« Reply #26 on: August 25, 2015, 06:47:25 AM »
I have been reading quite a bit on the various ways in order to draw down an income post fire.  The best solution for me was the live off the income that the portfolio generates and do not try and sell assets to fund my lifestyle.  As FF states I only tend to focus on the income statement of the companies I invest and the price is a factor if I want to buy more!

I have a ss which lists my companies I invest in with the past distributions. Every month I copy this sheet across and update for any updated distributions or if I manage to buy more shares.  Currently I am hoping that my portfolio will be able to fund double my expected annual expenses since I do not want to be in a position to have to return to work (only by choice, which I doubt).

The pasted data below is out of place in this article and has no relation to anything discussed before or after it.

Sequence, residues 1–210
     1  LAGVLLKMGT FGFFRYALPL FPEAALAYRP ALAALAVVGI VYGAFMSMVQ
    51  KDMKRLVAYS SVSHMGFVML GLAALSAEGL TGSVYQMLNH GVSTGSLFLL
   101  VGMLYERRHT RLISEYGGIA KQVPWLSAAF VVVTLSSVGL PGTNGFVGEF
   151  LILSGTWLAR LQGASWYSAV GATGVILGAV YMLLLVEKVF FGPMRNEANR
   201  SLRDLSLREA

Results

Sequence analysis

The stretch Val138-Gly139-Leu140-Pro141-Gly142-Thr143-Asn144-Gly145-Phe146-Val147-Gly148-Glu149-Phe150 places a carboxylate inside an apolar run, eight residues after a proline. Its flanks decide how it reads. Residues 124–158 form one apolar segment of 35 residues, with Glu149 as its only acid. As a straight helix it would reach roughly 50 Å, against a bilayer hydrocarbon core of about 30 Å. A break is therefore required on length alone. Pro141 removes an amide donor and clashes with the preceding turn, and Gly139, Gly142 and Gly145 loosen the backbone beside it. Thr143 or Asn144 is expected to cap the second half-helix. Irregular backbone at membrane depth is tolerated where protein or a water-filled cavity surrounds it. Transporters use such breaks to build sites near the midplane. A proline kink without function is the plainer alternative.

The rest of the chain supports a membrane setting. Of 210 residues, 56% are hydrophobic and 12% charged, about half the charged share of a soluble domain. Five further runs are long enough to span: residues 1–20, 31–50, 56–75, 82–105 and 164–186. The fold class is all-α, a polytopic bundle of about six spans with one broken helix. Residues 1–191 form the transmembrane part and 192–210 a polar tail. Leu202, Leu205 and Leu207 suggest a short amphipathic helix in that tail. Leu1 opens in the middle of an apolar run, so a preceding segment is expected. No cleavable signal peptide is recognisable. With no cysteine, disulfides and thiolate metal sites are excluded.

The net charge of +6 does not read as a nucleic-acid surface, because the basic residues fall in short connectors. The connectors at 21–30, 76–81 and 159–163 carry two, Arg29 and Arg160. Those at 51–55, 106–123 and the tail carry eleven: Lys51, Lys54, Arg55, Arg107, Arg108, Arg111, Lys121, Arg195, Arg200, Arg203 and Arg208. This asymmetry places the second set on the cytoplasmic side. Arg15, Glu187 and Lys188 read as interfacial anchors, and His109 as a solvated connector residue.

I also enjoyed to calculate my savings rate every year once I learned the way to early retirement in 2008.  I was amazed that in most years my savings rates was above 80% and last year I touched 90%. I would recommend this to anyone.  It really does inspire finding ways to reduce expenses especially if it does not affect your lifestyle (eg insurance, telephone, internet, entertainment costs).  To me the formula is savings/(savings plus expenses). 

I am also saving as much as I can for each of my sons p.a. in their name.  it is tax beneficial and hopefully it will provide them a good fund when they finish studying to provide them with options.  With all the EE/AA etc. issues I would want to give them options to be entrepreneurs or to at least have a leg up when starting out.

Since I am still an office worker I have a pension fund as well plus an RA (for tax purposes), which I will draw on when reaching 60.  We do not have the same social security in sunny South Africa as many first world countries.  This will be my "social security" that other posters from the US include in their retirement planning.

I must say it is so nice to communicate these thoughts to fellow South Africans that understand the nuances of living here.  The basics are the same across the world, but the details differ.